The Lua minority in Nan province

In Nan province are living thirteen ethnic groups : Khon Mueang (Tai Yuan), (Tai) Lue, Khuen, Lao, Phuan, Haw, Chinese (mostly the Hakka), Mpi, Hmong (Miao), Mien (Yao), Khmu, Lua (Thin), Mlabri (Tong Lueang). But when speaking with people I always assumed that when people say "Lua" that they actually were talking about "Tai Lue". But that is my mistake, there are Tai Lue and there are Lua. The people from some villages in the mountains of Doi Phu Kha and even in Pua valley are Lua people. Example the villages Manipruek in the mountains of Doi Phu Kha are partly Hmong and partly Lua. So I did some research about Lua people and quote some information I did find from Wikipedia, Bangkok Post and other sources. For more information about Nan province see Destination Travel Guide Nan.



The Lua people are a minority ethnic group native to Laos. Lua is their preferred name, while some tend to call them Thin, T'in or Htin. There are two subgroups: the Mal and the Phai (Pray). The Lua speak Mal and Phai, belonging to the Khmuic of the Austroasiatic (Mon-Khmer) languages. Their original home region is in the provinces of Sainyabuli and Bokeo (and some people say also Northern Vietnam). In Thailand, most Lua settled in Nan province, close to the border with Laos.

There is some academic debate whether the Lua have already settled in their present home area since the 1st millennium AD or migrated there in a later period. More certainly, the Lua of Thailand have only arrived there in the late-19th or early-20th century. Some scholars, however, believe that the Lua were the original inhabitants of Thailand's Nan Province, before moving to Laos and later re-migrating to their original homeland. Following the communist victory in the Laotian Civil War, many Lua families escaped Laos to seek refuge in the Luang Prabang Range (Doi Phu Kha) area of Nan Province across the border in Thailand.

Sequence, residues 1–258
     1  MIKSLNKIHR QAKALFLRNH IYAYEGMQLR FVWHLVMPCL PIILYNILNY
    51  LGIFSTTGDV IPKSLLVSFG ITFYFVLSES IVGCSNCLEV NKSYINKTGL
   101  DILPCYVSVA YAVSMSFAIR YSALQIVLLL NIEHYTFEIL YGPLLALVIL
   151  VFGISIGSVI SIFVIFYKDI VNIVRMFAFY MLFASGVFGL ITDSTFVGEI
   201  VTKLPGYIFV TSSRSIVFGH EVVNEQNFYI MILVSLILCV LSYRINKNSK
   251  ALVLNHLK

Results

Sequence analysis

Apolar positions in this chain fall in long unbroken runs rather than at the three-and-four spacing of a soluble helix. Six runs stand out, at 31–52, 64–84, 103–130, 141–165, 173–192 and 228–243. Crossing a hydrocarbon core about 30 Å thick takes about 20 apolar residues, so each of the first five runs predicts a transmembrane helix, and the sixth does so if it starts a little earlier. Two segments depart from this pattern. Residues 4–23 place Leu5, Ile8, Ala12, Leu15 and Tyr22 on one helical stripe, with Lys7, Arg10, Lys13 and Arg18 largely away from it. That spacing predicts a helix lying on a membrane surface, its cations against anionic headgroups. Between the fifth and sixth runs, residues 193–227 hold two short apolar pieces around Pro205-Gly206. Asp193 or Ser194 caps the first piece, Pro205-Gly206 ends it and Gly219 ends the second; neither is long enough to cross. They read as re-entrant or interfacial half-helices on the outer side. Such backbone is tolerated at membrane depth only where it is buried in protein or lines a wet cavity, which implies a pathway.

Anthropologist Cholthira Satyawadhna recorded that in 1987 there were 146 Lua communities with a population of 28,516, comprising 51.7% of highlanders in Nan. Now, the population has grown to at least 35,000, according to the most recent research available. And some part of the highlanders moved to the valley of Pua, Chiang Klang and Thung Chang. And there has been some forced resettlements. 

The Lua's traditional beliefs are characterized by animism. Some Lua, influenced by their Lao and Thai neighbors, have adopted Theravada Buddhism, while a few have converted to Christianity, but without renouncing their original ethnic beliefs. The Lua believe that the natural surroundings are full of good and evil spirits. They worship their respective villages' local spirits. The most highly respected genie called bhuka is celebrated for three days during Lao New Year (Songkran). In order to win the spirits' blessings for a good harvest, a newlywed couple, help in cases of natural disasters or diseases, etc., the Lua try to appease them with offerings of pigs, poultry, rice or liquor. Traditional Lua villages display a "spirit gate" to protect them from all evils coming from the outside world. To mediate between the living and the spirit world, each village chooses a male shaman, called khawcam.